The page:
The single-mother experience ebbs and flows, though for me personally I am still waiting for the flow. For most of the past nearly ten years of it, I have fallen into the former category. Since I have lived in my present community twice as long as my previous two, I have had an easier time finding people to pitch in the past few years. I have made better friends here. Still, I really don't like to ask for help (who does?), and I try not to do it if at all possible.
Single motherhood is very intense for me just about every single day. My boys are in elementary school -- third and first grades -- so my reality is homework, school projects, field trips, evening programs, sports teams, martial arts, playdates, sleepovers (for the uninformed, seven year olds do have sleepovers), birthday parties, and more. As if that's not enough, throw in acting opportunities separate from school and many miles away (even out of state) and multi-day camping trips all over New England, and you have a pretty good idea what we are up to year-round. The schedule is full. Scratch that, overloaded. And it is nearly always about my sons. (Note to self: see if you can tweak that a bit.)
But while I am the facilitator of all of the activities -- the person who finds them, registers for them, pays for them, buys the uniforms for them, keeps track of the schedules for them, drives my sons to them, watches them, sometimes helps at them, and prepares my boys for them (playing catch, choreographing a piece, reviewing spelling, correcting homework, etc.) -- I also have to fit in my own life: teaching, getting ready for class, critiquing student work, blogging every ten days, accepting an occasional extra job or focus-group opportunity for spare cash, and submitting query letters and manuscripts and more to agents and editors in an ongoing effort to get my book-length memoir published. Yowza! Of course, there's also washing laundry, putting it away, buying groceries, making meals, packing lunches or lunch money, picking up the house, teaching right from wrong, comforting and disciplining, taking my children to dentist and other appointments, and on and on.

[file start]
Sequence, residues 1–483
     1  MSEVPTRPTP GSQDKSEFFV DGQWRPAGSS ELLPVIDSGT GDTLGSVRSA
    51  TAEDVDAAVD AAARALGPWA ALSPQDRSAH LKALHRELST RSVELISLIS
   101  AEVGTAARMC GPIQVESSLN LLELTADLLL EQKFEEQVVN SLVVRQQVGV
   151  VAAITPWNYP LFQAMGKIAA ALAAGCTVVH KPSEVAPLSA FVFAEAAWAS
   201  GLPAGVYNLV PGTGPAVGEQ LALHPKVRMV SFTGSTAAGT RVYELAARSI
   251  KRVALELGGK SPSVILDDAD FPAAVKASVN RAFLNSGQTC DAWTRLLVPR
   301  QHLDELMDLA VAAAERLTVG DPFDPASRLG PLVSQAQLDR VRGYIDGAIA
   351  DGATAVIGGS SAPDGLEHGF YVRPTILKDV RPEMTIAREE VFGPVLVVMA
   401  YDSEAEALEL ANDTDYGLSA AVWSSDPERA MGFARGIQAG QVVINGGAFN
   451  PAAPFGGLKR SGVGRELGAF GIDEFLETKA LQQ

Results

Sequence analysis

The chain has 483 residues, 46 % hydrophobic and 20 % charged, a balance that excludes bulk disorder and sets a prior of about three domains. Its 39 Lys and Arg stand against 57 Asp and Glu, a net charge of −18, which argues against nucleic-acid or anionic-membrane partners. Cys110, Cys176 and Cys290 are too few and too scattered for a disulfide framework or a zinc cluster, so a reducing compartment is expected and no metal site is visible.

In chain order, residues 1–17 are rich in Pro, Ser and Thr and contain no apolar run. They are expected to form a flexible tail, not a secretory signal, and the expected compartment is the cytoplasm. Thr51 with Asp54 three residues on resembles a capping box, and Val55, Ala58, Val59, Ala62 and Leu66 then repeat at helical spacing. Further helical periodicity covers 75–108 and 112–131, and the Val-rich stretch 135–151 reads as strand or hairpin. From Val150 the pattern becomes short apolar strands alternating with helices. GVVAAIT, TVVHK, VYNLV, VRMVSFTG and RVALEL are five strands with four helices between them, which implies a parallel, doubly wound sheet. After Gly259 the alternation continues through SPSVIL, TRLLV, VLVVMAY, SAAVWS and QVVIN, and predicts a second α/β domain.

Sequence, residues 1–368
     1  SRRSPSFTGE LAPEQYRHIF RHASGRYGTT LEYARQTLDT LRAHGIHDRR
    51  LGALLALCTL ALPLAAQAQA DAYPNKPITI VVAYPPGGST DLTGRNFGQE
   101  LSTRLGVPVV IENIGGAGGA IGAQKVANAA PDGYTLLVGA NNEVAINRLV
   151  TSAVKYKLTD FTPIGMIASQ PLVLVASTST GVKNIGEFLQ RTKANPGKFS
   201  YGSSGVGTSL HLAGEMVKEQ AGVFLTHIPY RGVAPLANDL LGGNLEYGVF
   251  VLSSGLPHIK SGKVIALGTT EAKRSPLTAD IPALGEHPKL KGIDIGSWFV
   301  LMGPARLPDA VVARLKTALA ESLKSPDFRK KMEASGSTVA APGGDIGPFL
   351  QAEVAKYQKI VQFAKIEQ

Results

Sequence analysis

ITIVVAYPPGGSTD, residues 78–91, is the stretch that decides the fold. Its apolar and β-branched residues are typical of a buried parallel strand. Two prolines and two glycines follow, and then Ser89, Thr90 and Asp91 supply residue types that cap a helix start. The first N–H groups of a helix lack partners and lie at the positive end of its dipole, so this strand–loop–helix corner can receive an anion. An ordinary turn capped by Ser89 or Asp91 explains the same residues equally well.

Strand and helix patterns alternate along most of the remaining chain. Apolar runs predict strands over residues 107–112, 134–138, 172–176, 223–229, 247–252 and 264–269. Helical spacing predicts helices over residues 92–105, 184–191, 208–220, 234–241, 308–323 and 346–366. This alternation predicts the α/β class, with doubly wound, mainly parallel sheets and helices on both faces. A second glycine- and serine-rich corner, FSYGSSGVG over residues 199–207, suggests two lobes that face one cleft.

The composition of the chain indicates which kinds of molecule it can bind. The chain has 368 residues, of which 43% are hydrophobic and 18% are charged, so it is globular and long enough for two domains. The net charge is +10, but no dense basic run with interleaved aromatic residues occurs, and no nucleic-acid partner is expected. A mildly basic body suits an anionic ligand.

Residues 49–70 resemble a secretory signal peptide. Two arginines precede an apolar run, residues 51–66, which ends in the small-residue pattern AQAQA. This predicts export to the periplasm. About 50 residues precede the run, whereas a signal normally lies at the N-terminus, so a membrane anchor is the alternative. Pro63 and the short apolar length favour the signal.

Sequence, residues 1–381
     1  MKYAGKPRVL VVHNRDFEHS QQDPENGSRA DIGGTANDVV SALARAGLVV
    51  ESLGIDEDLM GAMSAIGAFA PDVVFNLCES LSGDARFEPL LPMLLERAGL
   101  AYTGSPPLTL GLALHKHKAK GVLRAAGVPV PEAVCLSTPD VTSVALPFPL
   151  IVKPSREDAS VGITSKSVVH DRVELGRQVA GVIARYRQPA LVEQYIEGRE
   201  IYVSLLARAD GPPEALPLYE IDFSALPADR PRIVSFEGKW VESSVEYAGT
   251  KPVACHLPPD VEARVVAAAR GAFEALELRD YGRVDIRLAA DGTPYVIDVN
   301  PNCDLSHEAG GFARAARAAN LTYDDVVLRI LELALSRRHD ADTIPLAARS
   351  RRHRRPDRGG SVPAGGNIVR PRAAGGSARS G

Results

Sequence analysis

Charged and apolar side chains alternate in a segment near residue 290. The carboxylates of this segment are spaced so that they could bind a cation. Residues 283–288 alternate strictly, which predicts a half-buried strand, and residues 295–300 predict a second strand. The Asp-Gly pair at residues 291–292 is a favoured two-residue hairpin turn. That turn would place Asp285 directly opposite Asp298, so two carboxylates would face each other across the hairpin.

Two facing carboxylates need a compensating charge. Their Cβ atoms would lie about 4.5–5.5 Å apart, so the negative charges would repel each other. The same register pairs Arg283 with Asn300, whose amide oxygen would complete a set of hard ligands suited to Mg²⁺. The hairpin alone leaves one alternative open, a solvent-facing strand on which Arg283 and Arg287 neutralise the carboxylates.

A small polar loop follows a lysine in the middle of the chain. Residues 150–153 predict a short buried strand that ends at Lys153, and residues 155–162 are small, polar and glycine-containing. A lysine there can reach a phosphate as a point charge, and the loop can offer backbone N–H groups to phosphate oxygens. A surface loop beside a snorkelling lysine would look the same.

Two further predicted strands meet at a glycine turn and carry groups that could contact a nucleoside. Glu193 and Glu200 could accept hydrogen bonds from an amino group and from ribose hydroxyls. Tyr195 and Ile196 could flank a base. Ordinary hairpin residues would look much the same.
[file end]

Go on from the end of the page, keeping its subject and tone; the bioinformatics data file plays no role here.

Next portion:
It is an endless list and the reason why being a mother is the hardest job in the world. Given this backdrop, it is crucial for mothers of all stripes and especially single mothers to apply the brakes once in a while so as not to "hit the deer."
Go out to a matinee. Have lunch with a friend. Walk on a beach. Have a massage. Take yoga. Wolf down a decadent dessert. Leave on a girls' weekend away and do karaoke in the local bar. If it feels good, makes you happy, relaxes you, or provides a brief escape from your daily pressures, then by all means indulge yourself. Do it as much as you can.
If you don't practice self-care at least once in a while, you will go "crazy." Maybe not in the clinical sense (though maybe you will) but surely in the teetering-on-the-edge sense. The mother, particularly the one without a partner or other free help, will feel like she is living inside a pressure cooker or vise with pressure bearing down on her from all sides. It makes her depleted, irritable, and unable to tolerate anything else thrown her way such as a flat tire, missing car keys, or petulant child. Her sense of calm and equilibrium will be replaced by excessive anxiety, imbalance, and a disordered mind. Regretfully, I know this state intimately. Take my word for it: it is horrible to experience.
Don't let yourself get to the point of hitting the deer. Carve out break times to give you pleasure and find moments of peace so you can manage to keep the crazy away . . . or at least at bay.